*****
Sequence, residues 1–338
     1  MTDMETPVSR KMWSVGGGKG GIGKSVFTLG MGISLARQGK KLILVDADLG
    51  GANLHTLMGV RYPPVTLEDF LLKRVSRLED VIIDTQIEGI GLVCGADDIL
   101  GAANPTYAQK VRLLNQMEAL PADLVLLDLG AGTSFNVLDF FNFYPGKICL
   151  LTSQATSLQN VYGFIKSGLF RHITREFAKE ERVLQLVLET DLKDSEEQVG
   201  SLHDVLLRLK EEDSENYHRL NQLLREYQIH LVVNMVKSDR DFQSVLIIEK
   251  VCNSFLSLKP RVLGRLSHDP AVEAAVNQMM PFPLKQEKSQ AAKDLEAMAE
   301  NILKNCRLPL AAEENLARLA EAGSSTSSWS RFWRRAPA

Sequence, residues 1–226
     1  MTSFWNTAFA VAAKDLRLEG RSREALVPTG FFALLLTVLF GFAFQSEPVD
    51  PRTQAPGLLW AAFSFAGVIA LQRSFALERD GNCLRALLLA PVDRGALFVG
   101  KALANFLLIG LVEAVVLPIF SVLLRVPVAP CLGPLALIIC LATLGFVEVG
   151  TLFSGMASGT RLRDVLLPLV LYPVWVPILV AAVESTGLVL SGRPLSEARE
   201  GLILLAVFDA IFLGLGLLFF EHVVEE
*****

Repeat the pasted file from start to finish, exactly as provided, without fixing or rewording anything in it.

Sequence, residues 1–338
     1  MTDMETPVSR KMWSVGGGKG GIGKSVFTLG MGISLARQGK KLILVDADLG
    51  GANLHTLMGV RYPPVTLEDF LLKRVSRLED VIIDTQIEGI GLVCGADDIL
   101  GAANPTYAQK VRLLNQMEAL PADLVLLDLG AGTSFNVLDF FNFYPGKICL
   151  LTSQATSLQN VYGFIKSGLF RHITREFAKE ERVLQLVLET DLKDSEEQVG
   201  SLHDVLLRLK EEDSENYHRL NQLLREYQIH LVVNMVKSDR DFQSVLIIEK
   251  VCNSFLSLKP RVLGRLSHDP AVEAAVNQMM PFPLKQEKSQ AAKDLEAMAE
   301  NILKNCRLPL AAEENLARLA EAGSSTSSWS RFWRRAPA

Sequence, residues 1–226
     1  MTSFWNTAFA VAAKDLRLEG RSREALVPTG FFALLLTVLF GFAFQSEPVD
    51  PRTQAPGLLW AAFSFAGVIA LQRSFALERD GNCLRALLLA PVDRGALFVG
   101  KALANFLLIG LVEAVVLPIF SVLLRVPVAP CLGPLALIIC LATLGFVEVG
   151  TLFSGMASGT RLRDVLLPLV LYPVWVPILV AAVESTGLVL SGRPLSEARE
   201  GLILLAVFDA IFLGLGLLFF EHVVEE